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How do de-stress... watch

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    I'm in Year 10 and I find myself stressing about exams a lot even though I've still got another year before I actually sit my exams. Even the idea of mocks freaks me out. So far, I've managed to keep it to myself but I don't think I can do so any longer. The thing is I don't know why it happens ... I've always done really well at school (and still do) but I still feel as though I'm not doing as good as I personally want to. I feel as though I have too much pressure on my GCSEs even though I know that they're not as important as they seem. I'm just scared that I won't do well.

    What should I do? I really want to do well in my exams but the pressure's killing me. Please Help! Thanks
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    (Original post by Anonymous)
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    Just remember you aren't going to do any better by stressing yourself out!
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    It's normal to feel stressed, trust me it will pass. By the time you get to exams it's summer, you've been doing the content for 3 years and you've done a million practice exams it's not scary at all.


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    Firstly, thanks for your replies. Really appreciated.

    (Original post by Ribenas)
    Just remember you aren't going to do any better by stressing yourself out!
    The problem is that I don't know how to stop stressing. Whenever I do any homework or revision, it just reminds me of how much I'm going to have to know and remember for the exams and that just worries me so much.

    (Original post by Failingstudent98)
    It's normal to feel stressed, trust me it will pass. By the time you get to exams it's summer, you've been doing the content for 3 years and you've done a million practice exams it's not scary at all.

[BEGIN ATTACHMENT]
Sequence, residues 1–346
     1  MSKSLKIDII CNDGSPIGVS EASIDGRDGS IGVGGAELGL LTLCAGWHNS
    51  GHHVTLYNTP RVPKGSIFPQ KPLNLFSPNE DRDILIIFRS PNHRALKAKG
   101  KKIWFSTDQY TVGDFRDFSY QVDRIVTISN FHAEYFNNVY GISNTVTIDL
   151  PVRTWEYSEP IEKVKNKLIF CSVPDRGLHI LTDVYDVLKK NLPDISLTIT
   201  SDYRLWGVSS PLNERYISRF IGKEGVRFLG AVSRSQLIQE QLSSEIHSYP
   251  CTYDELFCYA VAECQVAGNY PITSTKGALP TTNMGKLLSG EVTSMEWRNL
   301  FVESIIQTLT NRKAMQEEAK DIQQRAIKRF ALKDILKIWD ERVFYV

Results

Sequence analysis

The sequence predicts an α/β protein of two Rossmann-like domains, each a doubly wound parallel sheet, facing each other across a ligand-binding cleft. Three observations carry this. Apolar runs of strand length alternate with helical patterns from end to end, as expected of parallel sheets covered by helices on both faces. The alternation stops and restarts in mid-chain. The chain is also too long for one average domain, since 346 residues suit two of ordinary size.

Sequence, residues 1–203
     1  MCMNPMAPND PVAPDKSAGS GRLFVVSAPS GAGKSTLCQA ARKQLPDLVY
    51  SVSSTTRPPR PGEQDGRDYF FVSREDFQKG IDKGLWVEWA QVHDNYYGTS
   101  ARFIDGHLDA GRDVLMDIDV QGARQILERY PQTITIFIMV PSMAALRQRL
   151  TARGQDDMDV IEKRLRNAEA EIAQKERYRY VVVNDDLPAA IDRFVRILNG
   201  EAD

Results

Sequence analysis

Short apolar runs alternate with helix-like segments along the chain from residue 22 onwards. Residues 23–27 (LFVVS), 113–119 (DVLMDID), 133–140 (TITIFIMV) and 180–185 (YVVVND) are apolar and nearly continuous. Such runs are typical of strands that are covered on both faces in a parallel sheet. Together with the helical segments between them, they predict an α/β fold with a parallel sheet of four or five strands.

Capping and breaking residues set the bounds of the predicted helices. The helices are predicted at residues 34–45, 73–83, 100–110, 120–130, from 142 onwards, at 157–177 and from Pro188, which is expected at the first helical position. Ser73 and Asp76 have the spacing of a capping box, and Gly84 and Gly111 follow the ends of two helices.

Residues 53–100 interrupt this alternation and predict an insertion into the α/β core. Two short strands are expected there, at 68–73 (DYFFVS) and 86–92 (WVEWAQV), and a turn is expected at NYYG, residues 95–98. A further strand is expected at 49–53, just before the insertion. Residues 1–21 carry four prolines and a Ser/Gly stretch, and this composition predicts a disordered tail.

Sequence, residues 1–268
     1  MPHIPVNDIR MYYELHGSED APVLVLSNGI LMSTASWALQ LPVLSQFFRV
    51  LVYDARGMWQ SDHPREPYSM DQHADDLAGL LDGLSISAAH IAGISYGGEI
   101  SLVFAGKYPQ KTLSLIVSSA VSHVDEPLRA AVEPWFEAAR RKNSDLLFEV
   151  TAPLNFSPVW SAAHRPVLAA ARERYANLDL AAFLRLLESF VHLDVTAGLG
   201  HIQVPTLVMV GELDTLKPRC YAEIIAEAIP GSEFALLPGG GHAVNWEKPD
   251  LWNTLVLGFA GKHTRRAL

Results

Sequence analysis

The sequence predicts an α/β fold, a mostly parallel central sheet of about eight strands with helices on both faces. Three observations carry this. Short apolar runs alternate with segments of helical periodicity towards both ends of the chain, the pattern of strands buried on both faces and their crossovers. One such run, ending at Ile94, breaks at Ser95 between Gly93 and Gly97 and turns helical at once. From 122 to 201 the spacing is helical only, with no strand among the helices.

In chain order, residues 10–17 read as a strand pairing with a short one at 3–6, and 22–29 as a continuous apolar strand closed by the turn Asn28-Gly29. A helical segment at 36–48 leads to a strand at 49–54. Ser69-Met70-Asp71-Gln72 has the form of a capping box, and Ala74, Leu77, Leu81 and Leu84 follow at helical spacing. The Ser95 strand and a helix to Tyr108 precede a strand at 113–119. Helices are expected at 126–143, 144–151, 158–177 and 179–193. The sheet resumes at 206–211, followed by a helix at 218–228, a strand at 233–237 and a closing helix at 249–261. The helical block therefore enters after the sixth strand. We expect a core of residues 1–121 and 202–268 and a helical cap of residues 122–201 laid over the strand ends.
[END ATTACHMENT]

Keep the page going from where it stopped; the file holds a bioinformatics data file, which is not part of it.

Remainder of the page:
I just worry that despite all the work I do, I won't be able to remember it or do the questions in the actual exam.
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    Keep calm and carry on.

    As long as you do your absolute best on each mock there is nothing to stress about.
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    breathing exercises
    (3 times a day for around 3 - 5 minutes)
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    Try some meditation or mindfulness and make sure you have a healthy work / life balance with lots of exercise.
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    (Original post by TeeEm)
    breathing exercises
    (3 times a day for around 3 - 5 minutes)
    (Original post by dean01234)
    Try some meditation or mindfulness and make sure you have a healthy work / life balance with lots of exercise.
    Will definitely try them both. I've started doing more exercise but I'll try the other stuff too. Thanks
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    (Original post by Anonymous)
    Will definitely try them both. I've started doing more exercise but I'll try the other stuff too. Thanks
    hope it works well for you.
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    (Original post by Blackstarr)
    Keep calm and carry on.

    As long as you do your absolute best on each mock there is nothing to stress about.
    I'll try my best. Thanks for your advice!
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    HEY YOU'RE BASICALLY ME A YEAR AGO

    >don't stop caring: because you clearly want to do well and know that that is a good thing!
    >If you want to turn your stress into productivity, go for it! I wish I had done more topic summaries and extra work sometimes (particularly with my languages)
    >don't listen to people who say 'oh but you're only in year ten' because every year is important, granted, it's not something you should worry about too much but don't feel ashamed of your stress lmao
    >drink tea, tea is great (when it's late drink, like, fennel tea or stuff without caffeine kkk)
    >OH YEAH sleep a lot and enjoy free time
    >do breathing exercises and tbh general exercise is always good

    GOOD LUCK I BELIEVE IN YOUUUUUUUUUUUUUUUUUUUUUUU :yy:
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    (Original post by Milzime)
    HEY YOU'RE BASICALLY ME A YEAR AGO

    >don't stop caring: because you clearly want to do well and know that that is a good thing!
    >If you want to turn your stress into productivity, go for it! I wish I had done more topic summaries and extra work sometimes (particularly with my languages)
    >don't listen to people who say 'oh but you're only in year ten' because every year is important, granted, it's not something you should worry about too much but don't feel ashamed of your stress lmao
    >drink tea, tea is great (when it's late drink, like, fennel tea or stuff without caffeine kkk)
    >OH YEAH sleep a lot and enjoy free time
    >do breathing exercises and tbh general exercise is always good

    GOOD LUCK I BELIEVE IN YOUUUUUUUUUUUUUUUUUUUUUUU :yy: